IT Leaders Bust Myths About Productivity in Hybrid Workplaces

Two CIOs, a CTO and a research analyst discuss the implications for IT leaders as they help their companies adapt to new hybrid cloud technologies and hybrid working conditions.

By Joanie Wexler

By Joanie Wexler February 1, 2022

The growing adoption of hybrid work models is helping fast-track enterprise cloud deployments. As some applications and data spill into the public cloud while other workloads remain on-prem, what are the consequences for IT?

A panel of IT executives led by Nutanix CIO Wendy Pfeiffer recently discussed the cultural, cybersecurity and operational ramifications of today’s hybrid work and hybrid cloud trends. 

Two CIOs, a CTO, and a research analyst at Nutanix’s .NEXT conference in September agreed during a session titled “Mythbusters: Cloud Edition,” for example, that there are organizational and educational reasons for employees to be in the office at least part of the time.

“The argument that employees can’t collaborate as effectively when working remotely has been disproved over the past 21 months,” said Harry Mosely, CIO at Zoom.

However, he was quick to add, “The challenge is how do you maintain an organizational culture? Connections among people?”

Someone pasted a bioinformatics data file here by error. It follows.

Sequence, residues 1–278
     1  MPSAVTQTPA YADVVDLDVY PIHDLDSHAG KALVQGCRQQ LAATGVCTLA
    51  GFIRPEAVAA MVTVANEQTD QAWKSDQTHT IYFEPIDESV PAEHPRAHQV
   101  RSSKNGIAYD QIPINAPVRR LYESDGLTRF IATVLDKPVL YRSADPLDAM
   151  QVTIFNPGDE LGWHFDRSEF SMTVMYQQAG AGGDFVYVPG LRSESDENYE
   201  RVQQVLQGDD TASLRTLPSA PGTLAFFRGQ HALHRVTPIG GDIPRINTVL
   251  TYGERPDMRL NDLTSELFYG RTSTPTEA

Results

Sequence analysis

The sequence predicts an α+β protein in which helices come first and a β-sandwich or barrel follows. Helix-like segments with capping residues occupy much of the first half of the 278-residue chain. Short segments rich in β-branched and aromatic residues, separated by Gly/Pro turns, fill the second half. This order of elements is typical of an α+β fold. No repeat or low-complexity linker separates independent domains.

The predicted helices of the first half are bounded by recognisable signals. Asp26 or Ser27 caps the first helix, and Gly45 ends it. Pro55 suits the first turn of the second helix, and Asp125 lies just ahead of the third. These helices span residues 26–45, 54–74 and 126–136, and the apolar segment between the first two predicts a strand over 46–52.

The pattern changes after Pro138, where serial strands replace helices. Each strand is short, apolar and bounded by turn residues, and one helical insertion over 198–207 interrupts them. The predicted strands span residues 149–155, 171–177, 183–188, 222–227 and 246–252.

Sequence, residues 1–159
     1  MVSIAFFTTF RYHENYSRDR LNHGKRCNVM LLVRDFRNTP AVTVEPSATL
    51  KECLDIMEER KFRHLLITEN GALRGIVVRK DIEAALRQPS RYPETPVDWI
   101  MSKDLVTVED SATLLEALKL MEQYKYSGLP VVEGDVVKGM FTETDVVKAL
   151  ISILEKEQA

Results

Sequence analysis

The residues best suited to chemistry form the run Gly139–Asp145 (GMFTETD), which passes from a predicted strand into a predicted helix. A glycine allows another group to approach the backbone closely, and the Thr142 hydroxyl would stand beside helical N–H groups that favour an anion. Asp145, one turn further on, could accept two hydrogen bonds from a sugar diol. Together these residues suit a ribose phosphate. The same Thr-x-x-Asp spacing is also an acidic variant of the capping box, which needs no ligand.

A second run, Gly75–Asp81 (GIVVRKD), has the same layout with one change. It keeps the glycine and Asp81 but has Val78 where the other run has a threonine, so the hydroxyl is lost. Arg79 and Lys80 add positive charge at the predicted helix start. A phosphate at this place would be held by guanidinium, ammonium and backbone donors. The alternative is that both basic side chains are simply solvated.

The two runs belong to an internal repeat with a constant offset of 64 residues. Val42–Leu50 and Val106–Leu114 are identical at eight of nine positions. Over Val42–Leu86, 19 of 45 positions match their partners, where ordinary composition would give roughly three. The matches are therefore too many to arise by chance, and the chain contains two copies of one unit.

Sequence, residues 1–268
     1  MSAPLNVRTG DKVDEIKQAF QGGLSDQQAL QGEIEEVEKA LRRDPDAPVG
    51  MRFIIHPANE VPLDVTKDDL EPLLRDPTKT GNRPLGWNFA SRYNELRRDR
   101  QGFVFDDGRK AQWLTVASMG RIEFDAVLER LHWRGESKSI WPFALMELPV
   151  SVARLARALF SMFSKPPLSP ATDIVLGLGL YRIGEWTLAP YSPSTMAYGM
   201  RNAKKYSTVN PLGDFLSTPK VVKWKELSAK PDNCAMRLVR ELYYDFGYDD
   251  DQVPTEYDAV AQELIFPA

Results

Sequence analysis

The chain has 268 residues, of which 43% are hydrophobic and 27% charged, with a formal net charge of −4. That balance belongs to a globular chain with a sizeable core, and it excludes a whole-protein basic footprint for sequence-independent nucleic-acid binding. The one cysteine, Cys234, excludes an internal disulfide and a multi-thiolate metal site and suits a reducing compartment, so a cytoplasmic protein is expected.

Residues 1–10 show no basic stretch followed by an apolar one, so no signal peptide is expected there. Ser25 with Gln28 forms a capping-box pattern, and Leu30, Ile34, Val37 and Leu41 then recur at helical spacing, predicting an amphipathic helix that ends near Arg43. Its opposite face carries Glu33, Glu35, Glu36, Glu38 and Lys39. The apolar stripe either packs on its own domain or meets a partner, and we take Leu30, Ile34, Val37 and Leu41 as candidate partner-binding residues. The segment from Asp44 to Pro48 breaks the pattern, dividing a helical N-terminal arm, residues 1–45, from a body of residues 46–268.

For instance, he indicated that those new to the workforce need the hands-on mentorship that physical collaboration often provides. 

“Junior people really value the opportunity to be in the office and interact. I fundamentally believe [the future of work is] a mixed-mode, hybrid model,” Mosely said.

No Passing the Buck on Security

Pfeiffer pointed out that this democratization of work — whereby employees “work how and where they want to” — relies in part on public cloud technologies. She asked panelists whether they thought data security was stronger or weaker when under the auspices of a public cloud provider.

The panelists were unanimous in their assessment that wherever workloads are running, enterprises must remain steadfastly responsible for protecting their own valuable data.

“Security is a culture, approach and mindset,” said Christian Aboujouade, CTO at Keck Medicine of the University of Southern California. 

“As long as you have the attitude and culture managed appropriately, you should be able to exist in both the public cloud and on-premises clouds.”

Mosely asserted that security has to be the bedrock in the culture of the organization.